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U.S. dominates trade show as food sales continue to climb
CubaNews / December 2003

By Larry Luxner

Thirty-six of the 47 companies that won deals at last month’s Havana International Fair were U.S. firms, according to Cuban food purchasing agency Alimport.

Pedro Alvarez, president of Alimport, said it signed contracts valued at $164.9 million during the show; that figure includes insurance, shipping and related fees.

One of the largest deals, according to the Wall Street Journal, was an $18.6 million contract for soybeans, soy oil, soy flour and corn from Archer Daniels Midland of Decatur, Ill. Minneapolis-based Cargill won a $4 million deal to supply wheat and soy protein. Iowa-based FC Stone LLC, representing 750 U.S. farm cooperatives, signed a deal for $4 million in soybeans, while Michael J. Lahanan of Jacksonville won a $5.5 million contract for yellow pine timber.

Also signed were three chicken deals; $5.8 million with Louis Dreyfus Group; $5.8 million with Tyson Foods of Springdale, Ark. and $1.3 million with AJC International of Atlanta.

Smaller contracts went to Y&Y Agriculture Corp. of Savannah ($350,000 worth of soy-based ice-cream); Dallas-based Dean Foods ($162,470 of coffee creamer); Langdale International Trading of Valdosta, Ga. ($135,000 of wood); Cadbury-Adams of New Jersey ($163,300 of chewing gum) and Illinois-based ConAgra Foods ($76,200 in meat products).

On Dec. 16, Alimport will host an event at the port of Havana to mark the 2nd anniversary of the arrival of the first U.S. food shipment under the U.S. Trade Sanctions Reform Act. TSRA allows U.S. firms to sell Cuba agricultural commodities on a cash-only basis.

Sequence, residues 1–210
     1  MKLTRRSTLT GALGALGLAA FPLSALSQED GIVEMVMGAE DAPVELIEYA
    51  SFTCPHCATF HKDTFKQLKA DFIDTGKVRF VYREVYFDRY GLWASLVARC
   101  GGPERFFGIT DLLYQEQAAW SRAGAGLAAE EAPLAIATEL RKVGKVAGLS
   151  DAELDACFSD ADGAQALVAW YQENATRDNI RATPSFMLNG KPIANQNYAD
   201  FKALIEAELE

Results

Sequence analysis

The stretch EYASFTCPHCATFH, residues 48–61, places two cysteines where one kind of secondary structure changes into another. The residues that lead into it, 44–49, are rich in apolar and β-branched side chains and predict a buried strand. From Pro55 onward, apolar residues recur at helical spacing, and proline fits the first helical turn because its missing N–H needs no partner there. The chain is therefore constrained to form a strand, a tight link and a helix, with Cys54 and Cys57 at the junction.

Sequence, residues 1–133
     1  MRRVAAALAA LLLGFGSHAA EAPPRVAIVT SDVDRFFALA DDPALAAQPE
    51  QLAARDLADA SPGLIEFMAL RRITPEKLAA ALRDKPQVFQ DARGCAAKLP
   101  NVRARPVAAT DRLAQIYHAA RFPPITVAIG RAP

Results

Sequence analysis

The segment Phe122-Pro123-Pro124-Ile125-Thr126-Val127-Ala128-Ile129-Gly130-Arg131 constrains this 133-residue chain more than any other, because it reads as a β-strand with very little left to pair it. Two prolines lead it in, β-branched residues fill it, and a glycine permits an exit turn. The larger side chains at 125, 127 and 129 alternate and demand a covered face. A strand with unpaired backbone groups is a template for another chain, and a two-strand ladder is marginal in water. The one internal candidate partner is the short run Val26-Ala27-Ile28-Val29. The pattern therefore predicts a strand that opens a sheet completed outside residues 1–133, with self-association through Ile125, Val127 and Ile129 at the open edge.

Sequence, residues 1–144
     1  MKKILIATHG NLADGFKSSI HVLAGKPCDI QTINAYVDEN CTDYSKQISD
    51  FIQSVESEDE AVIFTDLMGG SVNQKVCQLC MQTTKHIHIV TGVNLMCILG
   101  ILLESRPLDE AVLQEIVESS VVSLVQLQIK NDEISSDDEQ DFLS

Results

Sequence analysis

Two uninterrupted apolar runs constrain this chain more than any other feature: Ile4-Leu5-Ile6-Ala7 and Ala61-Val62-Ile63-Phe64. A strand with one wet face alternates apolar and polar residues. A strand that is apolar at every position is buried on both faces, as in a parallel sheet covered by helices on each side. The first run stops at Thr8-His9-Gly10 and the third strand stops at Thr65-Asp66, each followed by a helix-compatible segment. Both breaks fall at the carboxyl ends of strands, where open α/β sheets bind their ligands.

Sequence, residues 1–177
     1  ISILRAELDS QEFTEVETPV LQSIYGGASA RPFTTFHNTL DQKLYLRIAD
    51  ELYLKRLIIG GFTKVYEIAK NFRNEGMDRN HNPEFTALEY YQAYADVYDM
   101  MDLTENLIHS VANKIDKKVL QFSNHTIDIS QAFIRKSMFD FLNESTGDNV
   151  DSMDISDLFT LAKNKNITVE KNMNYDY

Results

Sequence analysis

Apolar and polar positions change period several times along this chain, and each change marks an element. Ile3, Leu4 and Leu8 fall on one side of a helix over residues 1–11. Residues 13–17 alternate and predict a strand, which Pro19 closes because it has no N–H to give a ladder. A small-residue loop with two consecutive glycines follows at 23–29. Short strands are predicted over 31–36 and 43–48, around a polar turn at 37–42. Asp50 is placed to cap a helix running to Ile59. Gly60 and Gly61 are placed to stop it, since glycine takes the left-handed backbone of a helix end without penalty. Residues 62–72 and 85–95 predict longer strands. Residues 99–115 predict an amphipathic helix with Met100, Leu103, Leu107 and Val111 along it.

In the two years since TSRA’s passage, the United States has exported food commodities worth $554 million, according to Alvarez. By year’s end, that figure could top $600 million.

During the trade show, Alimport signed a shipping agreement with Port Manatee, on Florida’s Gulf of Mexico coast. The first shipment of 250 beef cattle to Cuba from Florida will sail early next year from Port Manatee, said the port’s chairman, Joe McClash.

Despite Florida’s large Cuban-American exile community and their hostility to the Castro regime, more Florida executives were at the show than from any other U.S. state.

A top Cuban official, Angel Delmau, admitted as much in a surprisingly candid interview last month with Agence France-Presse, telling AFP that Alimport’s purchases were more about influencing domestic U.S. politics than saving Cuba money.

Yet the very next day, an “official note” appeared on the front page of Communist Party daily Granma. “We would like to clarify that this functionary, although acting in good faith, was not authorized to make declarations of this type about the subject in question,” said Granma, adding that Dalmau “did not correctly interpret the objectives of the government” in buying U.S. food commodities.

It wasn’t clear at press time how the Castro government plans to punish Dalmau for having told the truth.

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